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The world’s first self-driving “rail bus” is taking its inaugural journey in China without tracks

Look ma, no rails.
  • Michael J. Coren
By Michael J. Coren

Climate and emerging industries editor

Published This article is more than 2 years old.

It’s a bus. It’s a train. It’s both.

Chinese firm CRRC Zhuzhou Locomotive has built what it says is the world’s first self-driving “rail bus.” After test runs earlier this summer, the CRRC began tests of the rail bus in China’s Hunan province on Oct. 30.

The 30-meter (98 foot) electric train uses white paint markings on the pavement, as well as on-board sensors, to gauge the dimensions of the road and navigate its route. Instead of rails embedded in the pavement, it runs on rubber tires with visual lines to define its dedicated lanes.

The company says the vehicle can whisk several hundred passengers along at 70 km/h (43 mph). A fast-charging system gives it about 25 kilometers (15.5 miles) range after about just 10 minutes.

The vehicle is currently traveling a 3.1-km route between four stations, with a 9 km loop planned, according to the state news agency Xinhua. Operations on the full route are slated to begin in 2018. CRRC says the system costs just one-fifth of the $23 million to $30 million that traditional tram systems cost per kilometer.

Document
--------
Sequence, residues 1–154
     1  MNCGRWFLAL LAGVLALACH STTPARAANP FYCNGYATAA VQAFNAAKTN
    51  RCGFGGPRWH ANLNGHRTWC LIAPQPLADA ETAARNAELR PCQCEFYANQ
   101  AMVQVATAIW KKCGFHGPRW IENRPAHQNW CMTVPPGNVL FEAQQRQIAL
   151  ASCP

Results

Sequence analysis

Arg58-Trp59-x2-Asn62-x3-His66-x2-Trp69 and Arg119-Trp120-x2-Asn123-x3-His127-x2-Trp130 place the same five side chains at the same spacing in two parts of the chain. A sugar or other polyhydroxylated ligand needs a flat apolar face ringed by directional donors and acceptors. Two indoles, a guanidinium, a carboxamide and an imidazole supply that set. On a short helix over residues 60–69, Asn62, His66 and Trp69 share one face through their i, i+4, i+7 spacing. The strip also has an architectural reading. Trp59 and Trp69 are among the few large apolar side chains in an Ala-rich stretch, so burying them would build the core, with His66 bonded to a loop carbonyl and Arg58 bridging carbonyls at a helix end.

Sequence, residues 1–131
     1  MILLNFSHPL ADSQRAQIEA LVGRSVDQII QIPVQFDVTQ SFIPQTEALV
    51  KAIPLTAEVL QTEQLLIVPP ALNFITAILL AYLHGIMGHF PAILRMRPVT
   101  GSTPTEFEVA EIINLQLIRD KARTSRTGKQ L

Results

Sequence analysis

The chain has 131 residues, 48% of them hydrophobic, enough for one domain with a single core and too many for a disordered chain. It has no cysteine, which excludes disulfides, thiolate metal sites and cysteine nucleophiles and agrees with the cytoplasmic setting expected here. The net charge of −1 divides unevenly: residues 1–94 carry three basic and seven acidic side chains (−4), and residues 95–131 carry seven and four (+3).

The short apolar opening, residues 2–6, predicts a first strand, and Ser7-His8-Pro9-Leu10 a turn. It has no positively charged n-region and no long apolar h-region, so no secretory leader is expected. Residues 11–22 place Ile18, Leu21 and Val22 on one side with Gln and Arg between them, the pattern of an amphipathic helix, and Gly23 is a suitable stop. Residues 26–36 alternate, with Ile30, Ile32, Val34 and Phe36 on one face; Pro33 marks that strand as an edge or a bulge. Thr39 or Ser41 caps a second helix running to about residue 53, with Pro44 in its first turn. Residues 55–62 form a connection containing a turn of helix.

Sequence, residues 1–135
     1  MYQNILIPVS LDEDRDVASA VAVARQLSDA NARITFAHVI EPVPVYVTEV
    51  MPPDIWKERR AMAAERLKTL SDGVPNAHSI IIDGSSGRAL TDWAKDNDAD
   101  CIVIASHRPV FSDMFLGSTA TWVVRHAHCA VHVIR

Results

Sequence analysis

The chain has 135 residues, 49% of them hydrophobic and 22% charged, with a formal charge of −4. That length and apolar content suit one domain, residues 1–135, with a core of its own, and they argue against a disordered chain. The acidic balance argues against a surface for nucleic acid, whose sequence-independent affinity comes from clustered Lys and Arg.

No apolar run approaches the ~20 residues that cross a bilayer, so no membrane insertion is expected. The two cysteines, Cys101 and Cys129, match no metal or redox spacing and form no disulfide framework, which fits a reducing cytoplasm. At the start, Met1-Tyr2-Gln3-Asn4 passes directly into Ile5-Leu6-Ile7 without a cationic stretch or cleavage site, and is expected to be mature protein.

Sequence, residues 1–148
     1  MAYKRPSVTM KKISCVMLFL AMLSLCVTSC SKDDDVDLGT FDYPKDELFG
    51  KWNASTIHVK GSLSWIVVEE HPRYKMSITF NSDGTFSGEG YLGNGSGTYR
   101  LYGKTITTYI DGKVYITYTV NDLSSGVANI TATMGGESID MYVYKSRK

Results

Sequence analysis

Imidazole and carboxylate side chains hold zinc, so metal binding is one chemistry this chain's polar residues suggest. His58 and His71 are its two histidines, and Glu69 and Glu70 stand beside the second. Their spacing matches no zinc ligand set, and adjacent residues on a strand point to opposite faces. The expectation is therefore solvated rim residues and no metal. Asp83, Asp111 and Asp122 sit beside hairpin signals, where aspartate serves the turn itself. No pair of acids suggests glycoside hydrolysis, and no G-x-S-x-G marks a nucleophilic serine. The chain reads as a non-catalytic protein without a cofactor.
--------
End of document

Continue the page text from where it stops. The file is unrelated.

This will probably be the first of many self-driving trains and buses to enter major cities. CRRC says it has signed an agreement with Malaysia to supply 42 self-driving light rail vehicles of its transit projects. US mayors are intrigued as well. City Lab reports that Carlos Gimenez, mayor of Miami-Dade County, is planning to fly to china to see Zhuzhou’s system in person. “It’s a solution we can implement now,” Gimenez said last week. “Not one that will take decades to complete.”

While they have a bad reputation, buses can work nearly as well as trains when designed well with a dedicated, high-speed lane and other amenities, and promoted as extension of rail lines. CityLab says the rapid bus Orange Line in Los Angeles has tripled its original ridership projections with “spacious cars, frequent service, dedicated lanes, and smooth connections to bus and rail.”

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